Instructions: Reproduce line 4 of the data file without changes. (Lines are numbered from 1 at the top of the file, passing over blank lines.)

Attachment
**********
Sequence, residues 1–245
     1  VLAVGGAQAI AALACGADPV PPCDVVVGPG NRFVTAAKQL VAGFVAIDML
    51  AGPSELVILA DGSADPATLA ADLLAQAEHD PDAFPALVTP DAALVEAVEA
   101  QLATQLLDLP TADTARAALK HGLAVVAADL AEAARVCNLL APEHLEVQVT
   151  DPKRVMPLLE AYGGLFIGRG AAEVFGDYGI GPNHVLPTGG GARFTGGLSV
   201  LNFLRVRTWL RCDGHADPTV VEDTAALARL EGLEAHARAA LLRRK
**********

   101  QLATQLLDLP TADTARAALK HGLAVVAADL AEAARVCNLL APEHLEVQVT